The Chains That Bind After Juneteenth

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Dr. John E. Warren, Publisher, The San Diego Voice and Viewpoint

By Dr. John E. Warren, Publisher, The San Diego Voice and Viewpoint

As so many of us completed celebrating our second national holiday, this time in honor of the delayed announcement that all slaves had been freed more than two years before the Juneteenth announcement, the question remains as to whether we all got the message?

All one has to do is look at the voter turnout during these midterm primaries in all places other than Georgia.The Black vote, needed now more than ever, has begun to fall away. The chains and bondage of slavery have been replaced with chains of apathy and selfishness. These traits are evidenced in the detachment that many of us reflect in our lack of interest in issues that we don’t see affecting us directly. Too many of our minds are still chained to drugs, alcohol and violence on ourselves, often exceeding anything that racist and white supremists inflict on us with gun violence. As a matter of fact, we kill more of ourselves than mass shooters with assault weapons.

The solution to removing these chains is a reflection and awareness that they exist and then a conscious decision to focus on the inclusion of concern for others. We must remember that we, as Black people, have come this far from Juneteenth as part of a collective effort. No one person has made the difference alone.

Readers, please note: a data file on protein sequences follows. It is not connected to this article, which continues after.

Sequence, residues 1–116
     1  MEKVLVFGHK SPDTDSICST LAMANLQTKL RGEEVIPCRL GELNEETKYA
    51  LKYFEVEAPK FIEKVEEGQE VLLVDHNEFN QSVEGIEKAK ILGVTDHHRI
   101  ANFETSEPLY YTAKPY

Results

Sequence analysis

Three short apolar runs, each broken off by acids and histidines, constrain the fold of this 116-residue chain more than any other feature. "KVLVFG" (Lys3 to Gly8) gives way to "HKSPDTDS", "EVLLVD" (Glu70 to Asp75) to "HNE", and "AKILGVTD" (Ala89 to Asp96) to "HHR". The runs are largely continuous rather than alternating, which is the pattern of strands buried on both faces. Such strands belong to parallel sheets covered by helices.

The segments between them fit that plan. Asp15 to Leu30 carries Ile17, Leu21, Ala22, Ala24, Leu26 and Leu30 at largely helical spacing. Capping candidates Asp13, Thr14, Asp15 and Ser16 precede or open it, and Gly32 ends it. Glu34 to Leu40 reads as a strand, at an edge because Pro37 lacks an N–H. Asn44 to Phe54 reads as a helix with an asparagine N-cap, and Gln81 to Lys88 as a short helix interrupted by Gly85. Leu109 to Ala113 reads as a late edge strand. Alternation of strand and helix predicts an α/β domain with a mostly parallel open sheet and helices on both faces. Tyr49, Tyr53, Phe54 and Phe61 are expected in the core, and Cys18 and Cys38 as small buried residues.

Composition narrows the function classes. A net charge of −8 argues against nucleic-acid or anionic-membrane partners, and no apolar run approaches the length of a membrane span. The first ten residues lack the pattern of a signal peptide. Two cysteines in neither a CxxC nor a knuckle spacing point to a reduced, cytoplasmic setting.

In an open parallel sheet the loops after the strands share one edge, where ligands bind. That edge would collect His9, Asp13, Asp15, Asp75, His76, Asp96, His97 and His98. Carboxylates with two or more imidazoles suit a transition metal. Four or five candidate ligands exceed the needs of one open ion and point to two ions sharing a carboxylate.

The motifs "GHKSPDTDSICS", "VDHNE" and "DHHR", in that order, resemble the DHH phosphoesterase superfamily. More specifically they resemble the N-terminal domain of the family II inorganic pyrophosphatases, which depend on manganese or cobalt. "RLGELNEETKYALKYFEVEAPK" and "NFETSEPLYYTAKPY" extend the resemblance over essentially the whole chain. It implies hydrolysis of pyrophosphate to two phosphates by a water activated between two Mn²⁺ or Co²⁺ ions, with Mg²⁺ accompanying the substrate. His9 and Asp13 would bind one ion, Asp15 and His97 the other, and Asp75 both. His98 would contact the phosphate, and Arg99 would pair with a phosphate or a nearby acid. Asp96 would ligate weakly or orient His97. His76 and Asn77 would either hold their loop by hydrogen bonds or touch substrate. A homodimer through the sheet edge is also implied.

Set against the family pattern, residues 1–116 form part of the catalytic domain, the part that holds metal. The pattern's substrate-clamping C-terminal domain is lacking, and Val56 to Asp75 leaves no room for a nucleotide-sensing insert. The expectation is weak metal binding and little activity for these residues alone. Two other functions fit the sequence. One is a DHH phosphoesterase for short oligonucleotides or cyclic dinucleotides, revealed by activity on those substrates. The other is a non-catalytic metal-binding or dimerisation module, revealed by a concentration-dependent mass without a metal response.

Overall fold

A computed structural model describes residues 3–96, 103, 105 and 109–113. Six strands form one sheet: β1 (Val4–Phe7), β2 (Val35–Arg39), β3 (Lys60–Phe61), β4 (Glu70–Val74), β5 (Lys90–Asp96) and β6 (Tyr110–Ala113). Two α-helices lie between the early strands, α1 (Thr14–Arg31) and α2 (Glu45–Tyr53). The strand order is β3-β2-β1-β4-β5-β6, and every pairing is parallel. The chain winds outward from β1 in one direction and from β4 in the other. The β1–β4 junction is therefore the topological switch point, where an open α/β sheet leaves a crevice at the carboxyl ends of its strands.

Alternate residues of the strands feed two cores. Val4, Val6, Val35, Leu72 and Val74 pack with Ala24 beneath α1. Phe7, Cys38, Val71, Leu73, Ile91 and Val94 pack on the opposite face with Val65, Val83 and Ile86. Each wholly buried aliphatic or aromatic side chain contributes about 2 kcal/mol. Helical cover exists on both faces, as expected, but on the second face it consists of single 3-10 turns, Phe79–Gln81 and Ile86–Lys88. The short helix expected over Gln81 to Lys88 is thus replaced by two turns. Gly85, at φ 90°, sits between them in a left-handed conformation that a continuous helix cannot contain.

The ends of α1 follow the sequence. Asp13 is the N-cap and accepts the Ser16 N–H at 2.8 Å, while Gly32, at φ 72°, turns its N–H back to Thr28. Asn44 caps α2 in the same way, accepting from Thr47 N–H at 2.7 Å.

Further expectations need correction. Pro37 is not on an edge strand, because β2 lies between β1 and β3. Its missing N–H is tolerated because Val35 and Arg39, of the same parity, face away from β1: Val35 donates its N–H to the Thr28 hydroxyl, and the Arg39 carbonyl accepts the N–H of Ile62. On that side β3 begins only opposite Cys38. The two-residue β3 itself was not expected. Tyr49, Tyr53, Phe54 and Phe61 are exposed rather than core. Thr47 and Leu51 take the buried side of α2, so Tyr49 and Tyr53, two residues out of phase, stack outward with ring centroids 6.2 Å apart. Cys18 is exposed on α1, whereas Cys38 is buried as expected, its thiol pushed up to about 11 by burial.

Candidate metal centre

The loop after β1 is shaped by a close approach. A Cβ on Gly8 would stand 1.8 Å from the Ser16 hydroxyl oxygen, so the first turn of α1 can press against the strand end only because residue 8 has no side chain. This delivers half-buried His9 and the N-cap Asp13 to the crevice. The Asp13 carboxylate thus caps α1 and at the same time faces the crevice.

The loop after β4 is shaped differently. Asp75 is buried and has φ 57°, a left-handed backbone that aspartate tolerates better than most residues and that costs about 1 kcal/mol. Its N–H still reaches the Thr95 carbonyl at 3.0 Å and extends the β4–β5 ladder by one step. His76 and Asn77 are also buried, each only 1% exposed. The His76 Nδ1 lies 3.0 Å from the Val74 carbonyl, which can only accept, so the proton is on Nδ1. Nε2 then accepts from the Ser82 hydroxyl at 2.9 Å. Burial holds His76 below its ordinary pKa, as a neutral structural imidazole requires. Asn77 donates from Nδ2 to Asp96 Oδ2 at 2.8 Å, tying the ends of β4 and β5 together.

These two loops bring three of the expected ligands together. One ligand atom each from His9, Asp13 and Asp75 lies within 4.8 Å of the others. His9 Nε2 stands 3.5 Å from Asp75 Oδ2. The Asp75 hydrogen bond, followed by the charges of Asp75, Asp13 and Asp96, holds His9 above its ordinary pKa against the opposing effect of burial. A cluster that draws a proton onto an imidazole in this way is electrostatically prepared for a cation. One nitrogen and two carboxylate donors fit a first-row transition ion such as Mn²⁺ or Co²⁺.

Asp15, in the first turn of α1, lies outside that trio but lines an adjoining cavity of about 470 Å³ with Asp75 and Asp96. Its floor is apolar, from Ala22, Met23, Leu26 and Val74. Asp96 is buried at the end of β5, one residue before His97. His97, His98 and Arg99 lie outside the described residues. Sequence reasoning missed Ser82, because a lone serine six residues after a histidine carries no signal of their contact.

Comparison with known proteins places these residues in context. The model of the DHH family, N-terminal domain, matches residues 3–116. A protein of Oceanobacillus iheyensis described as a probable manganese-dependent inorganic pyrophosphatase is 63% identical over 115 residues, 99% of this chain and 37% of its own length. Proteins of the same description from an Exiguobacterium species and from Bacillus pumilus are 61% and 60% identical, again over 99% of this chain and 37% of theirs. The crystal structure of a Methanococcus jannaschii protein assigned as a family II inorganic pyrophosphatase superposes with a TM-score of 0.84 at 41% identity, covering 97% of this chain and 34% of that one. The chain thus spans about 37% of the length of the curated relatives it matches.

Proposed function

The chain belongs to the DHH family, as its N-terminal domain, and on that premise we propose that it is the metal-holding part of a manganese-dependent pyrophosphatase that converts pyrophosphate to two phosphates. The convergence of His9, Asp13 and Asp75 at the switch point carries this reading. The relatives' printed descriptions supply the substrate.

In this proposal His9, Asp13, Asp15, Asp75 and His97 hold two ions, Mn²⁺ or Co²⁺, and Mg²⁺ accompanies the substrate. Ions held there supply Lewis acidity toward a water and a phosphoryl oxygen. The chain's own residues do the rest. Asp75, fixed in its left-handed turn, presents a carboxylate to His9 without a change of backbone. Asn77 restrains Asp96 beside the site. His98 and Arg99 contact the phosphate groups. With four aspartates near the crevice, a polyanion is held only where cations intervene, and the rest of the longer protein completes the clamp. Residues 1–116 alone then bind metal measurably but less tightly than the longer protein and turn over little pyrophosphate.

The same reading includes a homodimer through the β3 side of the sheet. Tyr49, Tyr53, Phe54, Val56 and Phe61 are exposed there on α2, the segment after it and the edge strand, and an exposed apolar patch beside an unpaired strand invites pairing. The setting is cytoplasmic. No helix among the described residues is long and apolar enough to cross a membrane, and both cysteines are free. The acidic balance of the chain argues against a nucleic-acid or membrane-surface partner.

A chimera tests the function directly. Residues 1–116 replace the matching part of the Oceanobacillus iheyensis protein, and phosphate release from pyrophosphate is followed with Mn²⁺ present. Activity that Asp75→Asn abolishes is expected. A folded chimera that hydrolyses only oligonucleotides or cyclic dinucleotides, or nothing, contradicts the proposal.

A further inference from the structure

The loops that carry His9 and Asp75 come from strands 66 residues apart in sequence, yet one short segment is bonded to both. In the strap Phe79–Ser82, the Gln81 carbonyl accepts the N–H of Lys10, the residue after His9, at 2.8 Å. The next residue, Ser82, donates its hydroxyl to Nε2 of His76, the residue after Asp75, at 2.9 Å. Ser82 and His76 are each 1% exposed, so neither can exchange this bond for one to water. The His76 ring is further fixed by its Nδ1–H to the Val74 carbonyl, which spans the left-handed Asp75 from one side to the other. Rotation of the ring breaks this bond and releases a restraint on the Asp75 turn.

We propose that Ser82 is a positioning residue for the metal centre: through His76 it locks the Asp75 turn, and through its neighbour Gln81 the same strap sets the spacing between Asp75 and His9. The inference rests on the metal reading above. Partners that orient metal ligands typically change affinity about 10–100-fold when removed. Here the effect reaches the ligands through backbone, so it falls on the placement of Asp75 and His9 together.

The good news is that there is a new wave as evidenced by those who have marched in protest against the ongoing murder of Black men by law enforcement entities. But we must grow our numbers. Using the hard fought right to vote is one major step toward removing the chains; stopping the violence against ourselves represents another major step forward.

Bottom line, let’s add to our celebrations a commitment to building upon the sacrifices of those who came before us. Let’s remove the chains and bondage with the personal involvement mentioned here.

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